• WARTON CRAG Warton Crag is a prominent limestone hill located on the southern edge of the Arnside/Silverdale AONB. It has a wide diversity of natural habitat and is rich in wildlife including nationally rare species of plants and animals. Much of the site is a Site of Special Scientific Interest (SSSI) and Local Nature Reserve (LNR). The Crag offers extensive views over Morecambe Bay and the Lake District. CARNFORTH Carnforth has a long association with the railways dating back to 1846, when the first station opened.The town further expanded when it formed the junction of 3 railway lines. Later, Carnforth was also linked to the coalfields of Durham by the South Durham and Lancashire railway. Carnforths rich tradition of railways is now commemorated at the Steamtown Railway Museum, which houses many locomotives. MORECAMBE BAY The walk overlooks Morecambe Bay which, together with the Lune Estuary, has one of the biggest over-wintering and passage populations of wading birds in Britain. It forms part of a network of estuaries where migrating birds can feed and roost before continuing on with their long journeys. The extensive inter-tidal mud flats and fringing marshes of Morecambe Bay are part of the Lune Estuary/Morecambe Bay Site of Special Scientific Interest and the Wyre/Lune Wildlife Sanctuary. The mussel beds off Knot Endon Sea support large numbers of oystercatcher and turnstone. The mud flats in the Bay may look uninviting, but they attract great numbers of waders and shelduck at low tide. Several species roost on the salt marshes in winter. At high tide this can mean that they are close to the route of the Coastal Way so please keep to the path and have your dog on a lead. Flocks of lapwing, golden plover and over-wintering pink-footed geese use the inland fields. MORECAMBE Morecambes popularity as a holiday resort dates from the 1850s when the railways arrived, connecting the town to the industrial centres of northern England. Many visitors were drawn to Morecambe because of the clean air, beautiful scenery and the sea. Morecambe is still a popular resort and has many attractions for visitors. A phased programme of regeneration is currently taking place within Morecambe which focuses on the ecological status of the Bay. This is represented by the Tern Project which is an imaginative public art scheme. It is well worth a small detour from the Coastal Way to look at the stone jetty where sculptures, a bird horoscope and other features are located. There are also metal birds perched on new roundabouts within the town. These form part of the first stage of the Tern Project which is being incorporated into redevelopment work in Morecambe. MORECAMBE BAY FISHING A fishing industry has existed in Morecambe Bay for over 100 years. Several types of fishing occur including shrimping for both pink and brown shrimp. Locally the shrimping boats are known as

  • nobbies. Cockles and mussels are also found in the Bay, cockles being harvested on the foreshore using an iron fork called a craam. The sands of the Bay are sometimes said to be singing when the wind blows through massed banks of cockles. In addition to shellfish; bass, flounders, codling, rays and mullets are also caught in the Bay. At its peak, the fishing industry in Morecambe Bay supported over 150 boats. CROSSING THE SANDS The route across the sands of Morecambe Bay has long been used by travellers to Furness and the Cartmel peninsula. There are many dangers such as quick sand to avoid and the journey can only be undertaken at certain times during low tide. Guides have been employed by the Duchy of Lancaster since 1536 to lead people across the sands in safety. A horse drawn coach service operated between Hest Bank and Ulverston across the sands until 1857.Wordsworth described this as being the only acceptable route into the Lake District. GLASSON DOCK As the ships grew bigger the port of Lancaster was no longer able to accommodate them due to navigation problems caused by silting up of the River Lune. This led to the development of Glasson Dock. Financed by Lancaster merchants it needed two Acts of Parliament in 1738 and 1749 to allow the construction of walls and quays. The Lancaster Canal was extended to Glasson in 1826 making it one of the few locked docks in the country. From Glasson goods could move along the canal network to Lancaster, Kendal, Preston and beyond. THE LANCASTER-GLASSON DOCK RAILWAY Built by the London and North Western Railway Company, c.1887, the Lancaster to Glasson Dock Railway was the last major attempt to prevent the decline of Glasson and Lancaster as ports. By 1899, a station had been opened at Conder Green on the site now occupied by the car park and picnic site. Due to the declining use the passenger service was withdrawn in 1930, although the daily goods train continued until 1947. The line was finally closed in 1964. The Station Masters House in Glasson and the Crossing Keepers Cottage at Conder Green are the only railway buildings that remain. The original level crossing posts which mark the entrance to the car park at Conder Green are also indications of the paths railway origins. The Lune Estuary Path was created in the early 1970s by Lancashire County Council using the railway track bed. The Coastal Way follows this path from Glasson to Railway Crossing Lane. ALDCLIFFE MARSH Together with Morecambe Bay the Lune Estuary attracts a very large population of overwintering and passage birds. The wide saltmarshes of Aldcliffe Marsh are visited by large flocks of mute swan in winter, frequently with small numbers of wild swan and pink-footed geese. Curlew, redshank, mallard and shelduck are fairly numerous in winter. Please keep your dog on a lead on this section to minimise disturbance to the wildlife.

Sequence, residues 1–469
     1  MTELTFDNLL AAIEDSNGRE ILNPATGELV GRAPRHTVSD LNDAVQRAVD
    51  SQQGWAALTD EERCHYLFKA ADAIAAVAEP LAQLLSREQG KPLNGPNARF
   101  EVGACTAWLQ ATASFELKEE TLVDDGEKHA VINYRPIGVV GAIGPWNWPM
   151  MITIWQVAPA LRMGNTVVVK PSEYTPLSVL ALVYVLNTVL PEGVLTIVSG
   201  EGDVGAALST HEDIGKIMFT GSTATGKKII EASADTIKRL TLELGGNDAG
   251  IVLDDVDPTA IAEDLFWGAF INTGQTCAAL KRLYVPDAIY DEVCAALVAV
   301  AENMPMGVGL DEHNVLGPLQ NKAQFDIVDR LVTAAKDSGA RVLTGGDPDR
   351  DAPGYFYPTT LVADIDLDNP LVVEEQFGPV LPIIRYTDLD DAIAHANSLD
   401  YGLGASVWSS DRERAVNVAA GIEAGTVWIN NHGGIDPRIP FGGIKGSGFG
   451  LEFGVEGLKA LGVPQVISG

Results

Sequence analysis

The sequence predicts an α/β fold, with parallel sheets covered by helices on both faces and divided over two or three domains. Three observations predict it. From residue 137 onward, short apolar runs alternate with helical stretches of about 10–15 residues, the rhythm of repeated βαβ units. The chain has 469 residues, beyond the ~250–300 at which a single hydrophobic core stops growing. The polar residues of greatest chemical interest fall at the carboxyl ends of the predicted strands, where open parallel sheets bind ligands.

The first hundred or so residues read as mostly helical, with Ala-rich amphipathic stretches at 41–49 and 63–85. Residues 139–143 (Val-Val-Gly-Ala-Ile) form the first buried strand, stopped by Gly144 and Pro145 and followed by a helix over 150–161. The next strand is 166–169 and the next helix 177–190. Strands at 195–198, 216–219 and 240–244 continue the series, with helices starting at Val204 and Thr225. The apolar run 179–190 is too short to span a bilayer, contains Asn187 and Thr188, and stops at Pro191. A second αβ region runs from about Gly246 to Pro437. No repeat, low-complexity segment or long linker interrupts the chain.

• LANCASTER Lancaster is an historic city well worth a detour. It has good public transport links and is close to the M6 motorway. On the hill above the city stands the Ashton Memorial that is clearly visible from the Coastal Way. ST. GEORGES QUAY From about 1680 Lancaster gained momentum as a thriving trading port. Its heyday was the latter part of the eighteenth century when it was second only to Liverpool in both coastal and overseas trade. The tall warehouses and the fine Customs House of 1795 (


View more >